Right Hook

The New York Post dismisses the rising U.S. body count; Oliver North says let the CIA play dirty. Plus: David Brooks says kill the evil scum; Canadian pundit Barbara Amiel gushes over Bush's "stern cowboy looks."

Published November 6, 2003 12:11AM (EST)

The U.S. struggle to rebuild Iraq turned ominous last week when a deadly barrage of guerrilla attacks struck Baghdad's al-Rashid Hotel and Red Cross headquarters, and a U.S. Army Chinook helicopter was brought down on Sunday, killing 15 soldiers and wounding 20 more. But President Bush, who declared major combat operations over last April, called the wave of attacks a last act of "desperation" by a still unidentifiable insurgency -- and several unfazed conservatives are beating the war drums ever louder. To boost the sense of mission, the New York Times' David Brooks turned to the familiar tactic of focusing on the brutality of Saddam's former regime:

"Um Haydar was a 25-year-old Iraqi woman whose husband displeased Saddam Hussein's government. After he fled the country in 2000, some members of the Fedayeen Saddam grabbed her from her home and brought her out on the street. There, in front of her children and mother-in-law, two men grabbed her arms while another pulled her head back and beheaded her. Baath Party officials watched the murder, put her head in a plastic bag and took away her children.

"Try to put yourself in the mind of the killer, or of the guy with the plastic bag. You are part of Saddam's vast apparatus of rape squads, torture teams and mass-grave fillers. Every time you walk down the street, people tremble in fear. Everything else in society is arbitrary, but you are absolute. When you kill, your craving for power and significance is sated. You are infused with the joy of domination."

"These are the people we are still fighting in Iraq. These are the people who blow up Red Cross headquarters and U.N. buildings and fight against democracy and freedom. They are the scum of the earth..."

For Brooks, it's not a matter of how we strategize or conduct the fight, so long as we fight it and win -- even if that means U.S. soldiers turn equally brutal:

"The only question is who is going to eliminate them ... The shooting down of the Chinook helicopter near Fallujah over the weekend was a shock to the body politic. The fact is, we Americans do not like staring into the face of evil...

"It's not that we can't accept casualties. History shows that Americans are willing to make sacrifices. The real doubts come when we see ourselves inflicting them. What will happen to the national mood when the news programs start broadcasting images of the brutal measures our own troops will have to adopt? Inevitably, there will be atrocities that will cause many good-hearted people to defect from the cause. They will be tempted to have us retreat into the paradise of our own innocence.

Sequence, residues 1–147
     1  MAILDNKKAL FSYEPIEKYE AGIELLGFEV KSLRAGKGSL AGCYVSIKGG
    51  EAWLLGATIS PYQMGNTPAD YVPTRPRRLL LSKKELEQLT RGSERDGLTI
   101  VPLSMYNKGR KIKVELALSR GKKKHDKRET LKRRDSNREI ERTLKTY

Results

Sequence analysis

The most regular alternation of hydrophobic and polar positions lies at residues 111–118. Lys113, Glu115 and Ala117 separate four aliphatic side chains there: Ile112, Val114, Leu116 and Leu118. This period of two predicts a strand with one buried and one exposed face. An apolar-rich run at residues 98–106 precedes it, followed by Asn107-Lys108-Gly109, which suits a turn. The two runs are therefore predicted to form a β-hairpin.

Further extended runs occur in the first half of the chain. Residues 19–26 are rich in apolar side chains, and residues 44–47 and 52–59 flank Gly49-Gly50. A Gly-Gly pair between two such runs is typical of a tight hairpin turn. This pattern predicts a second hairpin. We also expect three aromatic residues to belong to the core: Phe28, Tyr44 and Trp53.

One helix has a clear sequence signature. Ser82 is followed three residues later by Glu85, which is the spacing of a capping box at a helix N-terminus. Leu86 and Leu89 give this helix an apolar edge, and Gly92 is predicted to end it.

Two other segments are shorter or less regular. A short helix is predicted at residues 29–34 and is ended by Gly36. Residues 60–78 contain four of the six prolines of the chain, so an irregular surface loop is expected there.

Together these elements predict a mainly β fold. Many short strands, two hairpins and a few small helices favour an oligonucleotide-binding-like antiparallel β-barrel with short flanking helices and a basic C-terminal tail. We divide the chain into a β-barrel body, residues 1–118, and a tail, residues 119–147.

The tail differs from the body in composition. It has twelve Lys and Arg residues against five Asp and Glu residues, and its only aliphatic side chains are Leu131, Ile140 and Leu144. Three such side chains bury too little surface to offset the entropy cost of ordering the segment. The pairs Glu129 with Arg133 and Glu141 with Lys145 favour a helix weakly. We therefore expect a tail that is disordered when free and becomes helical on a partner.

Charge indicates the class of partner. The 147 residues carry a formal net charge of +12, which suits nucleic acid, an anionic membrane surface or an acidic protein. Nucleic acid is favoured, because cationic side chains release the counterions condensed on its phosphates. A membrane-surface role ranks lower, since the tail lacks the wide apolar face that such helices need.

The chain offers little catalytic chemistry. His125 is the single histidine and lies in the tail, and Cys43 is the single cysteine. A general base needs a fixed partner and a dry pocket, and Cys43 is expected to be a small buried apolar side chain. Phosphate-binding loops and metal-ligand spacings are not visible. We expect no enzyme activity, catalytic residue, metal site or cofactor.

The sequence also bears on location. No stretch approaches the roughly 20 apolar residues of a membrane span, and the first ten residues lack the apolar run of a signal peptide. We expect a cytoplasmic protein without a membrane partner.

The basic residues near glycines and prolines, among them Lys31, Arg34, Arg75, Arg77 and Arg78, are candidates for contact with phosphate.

"The president will have to remind us that we live in a fallen world, that we have to take morally hazardous action if we are to defeat the killers who confront us..."

The New York Post's Ralph Peters insists the rising tide of guerrilla attacks bears no comparison to the Vietnam War. He weighed in before Sunday's helicopter disaster, but presumably his "cold-blooded" calculus concerning the war's relatively negligible body count still applies:

"Let's leave the phony pieties and hand-wringing to the presidential aspirants and celebrity journalists. Here's the truth:

"Thirty-six dead in a series of suicide bombings in Baghdad? The chump change of strategy. Cold-blooded, but true.

"Another American soldier killed in a roadside bombing? Every lost service member matters, but at the present casualty rate it would take 15 years for our dead in Iraq to surpass the number of Americans butchered on 9/11. Better to fight like lions than to die like sheep.

"Iraq another Vietnam? Hell, even Vietnam wasn't the Vietnam of left-wing baby-talk politics and campus political astrology. Our Vietnamese enemies represented a mass movement. The Iraqi terrorists represent a small, bloodthirsty movement to oppress the masses...

"There is only one way in which the situation in Iraq resembles Vietnam: Our enemies realize that they can't win militarily. This is a contest of wills much more than a contest of weapons. The terrorists intend to wear us down.